Can Starbucks Do Well In A Land That Gave Us Espresso?

by Trefis Team
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Starbucks (NASDAQ: SBUX) opened a Starbucks Reserve Roastery in Milan, its first store in Italy, 20 years after it established its presence in Europe. In the interim, it has grown to more than 3,100 stores in 40 countries across Europe, the Middle East, and Africa. Its Milan store, on the other hand, marks the first time the company has commenced operations in a country with the Roastery format, of which only two are present at the moment – in Seattle, where its headquarters are located, and in Shanghai. The company has also announced plans to open more cafes with licensed partner Percassi, beginning late 2018. The country presents a unique challenge to Starbucks as the coffee culture is very different from most other countries.

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Starbucks’ Goal To Elevate Its Brand

Starbucks, no doubt, has high expectations from its Roasteries, which are expected to drive the average spend per customer. Its Seattle Roastery, opened in 2014, still reports double-digit comps growth. Meanwhile, on its first day of operation, in December 2017, the Shanghai Roastery became the highest grossing Starbucks store in the world, averaging more than double the number of transactions of its Seattle counterpart, and with an average ticket of $29. In its second quarter conference call (period ended March 2018), the management reported that the customer traffic continued to exceed expectations, and that the average ticket was three times that of a typical Starbucks China store. In response to the exceptional performance of its Roasteries, the company decided to open additional stores with this concept – Milan, New York (expected to open in November), and one each in Tokyo and Chicago in 2019.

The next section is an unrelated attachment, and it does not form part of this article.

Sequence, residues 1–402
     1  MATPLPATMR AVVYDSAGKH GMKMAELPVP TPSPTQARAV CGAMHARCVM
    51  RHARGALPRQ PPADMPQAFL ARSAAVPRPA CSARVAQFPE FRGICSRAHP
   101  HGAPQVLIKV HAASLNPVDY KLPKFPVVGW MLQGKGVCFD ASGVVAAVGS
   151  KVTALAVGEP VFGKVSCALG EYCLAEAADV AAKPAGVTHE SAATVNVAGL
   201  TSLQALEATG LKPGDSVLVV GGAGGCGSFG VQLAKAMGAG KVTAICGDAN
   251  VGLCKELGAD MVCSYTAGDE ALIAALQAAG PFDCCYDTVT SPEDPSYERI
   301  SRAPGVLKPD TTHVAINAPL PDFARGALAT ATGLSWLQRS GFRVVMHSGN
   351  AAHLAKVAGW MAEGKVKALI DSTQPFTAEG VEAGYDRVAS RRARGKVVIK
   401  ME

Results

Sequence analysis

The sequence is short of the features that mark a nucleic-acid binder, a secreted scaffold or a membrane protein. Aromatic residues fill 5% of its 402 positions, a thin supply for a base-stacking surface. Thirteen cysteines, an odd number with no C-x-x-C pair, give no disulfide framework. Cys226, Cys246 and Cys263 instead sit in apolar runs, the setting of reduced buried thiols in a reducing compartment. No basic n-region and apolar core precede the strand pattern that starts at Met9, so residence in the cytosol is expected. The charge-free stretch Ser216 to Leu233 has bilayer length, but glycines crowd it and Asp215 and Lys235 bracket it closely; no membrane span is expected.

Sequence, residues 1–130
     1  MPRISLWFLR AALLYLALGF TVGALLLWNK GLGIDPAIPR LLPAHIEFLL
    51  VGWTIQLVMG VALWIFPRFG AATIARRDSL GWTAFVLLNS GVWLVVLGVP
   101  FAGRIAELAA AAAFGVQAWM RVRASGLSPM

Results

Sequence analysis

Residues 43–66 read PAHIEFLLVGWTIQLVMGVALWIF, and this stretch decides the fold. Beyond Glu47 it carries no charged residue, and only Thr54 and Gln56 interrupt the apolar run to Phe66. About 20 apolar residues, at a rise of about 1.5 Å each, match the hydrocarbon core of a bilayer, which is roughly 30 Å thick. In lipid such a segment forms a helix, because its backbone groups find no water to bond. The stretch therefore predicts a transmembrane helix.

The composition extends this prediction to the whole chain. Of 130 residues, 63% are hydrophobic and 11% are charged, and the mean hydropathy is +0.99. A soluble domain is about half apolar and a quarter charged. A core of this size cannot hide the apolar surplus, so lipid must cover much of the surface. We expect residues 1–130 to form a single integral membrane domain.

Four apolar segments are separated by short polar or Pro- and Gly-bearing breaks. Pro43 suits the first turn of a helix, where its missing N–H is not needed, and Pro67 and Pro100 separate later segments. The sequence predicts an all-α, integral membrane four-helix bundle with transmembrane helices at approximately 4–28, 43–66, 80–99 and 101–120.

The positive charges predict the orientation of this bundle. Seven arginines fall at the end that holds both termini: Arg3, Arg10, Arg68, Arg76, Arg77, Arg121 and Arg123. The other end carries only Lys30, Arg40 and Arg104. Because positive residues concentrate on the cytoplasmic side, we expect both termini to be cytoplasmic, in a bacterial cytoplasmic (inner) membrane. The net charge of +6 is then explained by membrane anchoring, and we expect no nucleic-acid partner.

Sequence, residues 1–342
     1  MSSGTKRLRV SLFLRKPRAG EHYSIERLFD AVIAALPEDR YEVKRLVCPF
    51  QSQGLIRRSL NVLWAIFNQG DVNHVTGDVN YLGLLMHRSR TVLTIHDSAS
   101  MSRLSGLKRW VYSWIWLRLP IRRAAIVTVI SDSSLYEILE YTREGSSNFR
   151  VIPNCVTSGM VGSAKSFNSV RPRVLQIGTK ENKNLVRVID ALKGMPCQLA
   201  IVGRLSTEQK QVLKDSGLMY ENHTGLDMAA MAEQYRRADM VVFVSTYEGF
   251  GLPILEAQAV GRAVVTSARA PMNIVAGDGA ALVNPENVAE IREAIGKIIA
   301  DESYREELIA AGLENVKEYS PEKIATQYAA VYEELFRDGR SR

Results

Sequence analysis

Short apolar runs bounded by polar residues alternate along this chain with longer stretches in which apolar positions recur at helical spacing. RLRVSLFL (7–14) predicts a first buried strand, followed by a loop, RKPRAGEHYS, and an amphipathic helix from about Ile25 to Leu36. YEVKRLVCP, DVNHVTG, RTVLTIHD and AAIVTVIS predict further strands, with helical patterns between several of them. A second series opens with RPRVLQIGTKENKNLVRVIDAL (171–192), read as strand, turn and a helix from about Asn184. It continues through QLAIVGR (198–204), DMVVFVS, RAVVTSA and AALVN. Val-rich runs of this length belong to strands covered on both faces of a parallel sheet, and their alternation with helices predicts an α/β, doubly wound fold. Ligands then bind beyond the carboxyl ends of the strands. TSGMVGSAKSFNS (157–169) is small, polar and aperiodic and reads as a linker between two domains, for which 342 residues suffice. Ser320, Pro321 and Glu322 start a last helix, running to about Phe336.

The Italian Conundrum

While a typical Starbucks coffee would cost roughly $2, the starting price for a cup of coffee at the Roastery is twice that, with prices going up to as much as $10 to $12. Even an espresso, which would go for a little over $1 in a regular Italian cafe, would be priced at double that. Starbucks coffee, made with a copious amount of milk, is also not the type that most residents would go for. Typical Italians also drink their coffee quickly at a bar, while it is the tourists who mostly occupy the tables. Given all these cultural differences, Starbucks is focusing on the local preferences, by excluding frappuccinos, and concentrating on espresso, made-to-order ice creams, and pizzas. The company is also hoping its cocktail bar will draw in customers. While it is a big risk entering the country, where it has to compete with more than 57,000 other cafes, the store may do well with younger Italians, as the company is a big enthusiast for making cafes where customers are encouraged to work and socialize. The place may also be popular with tourists. Although pretty unthinkable at the moment, given the success of Domino’s Pizza in Italy, Starbucks may actually end up doing well there.

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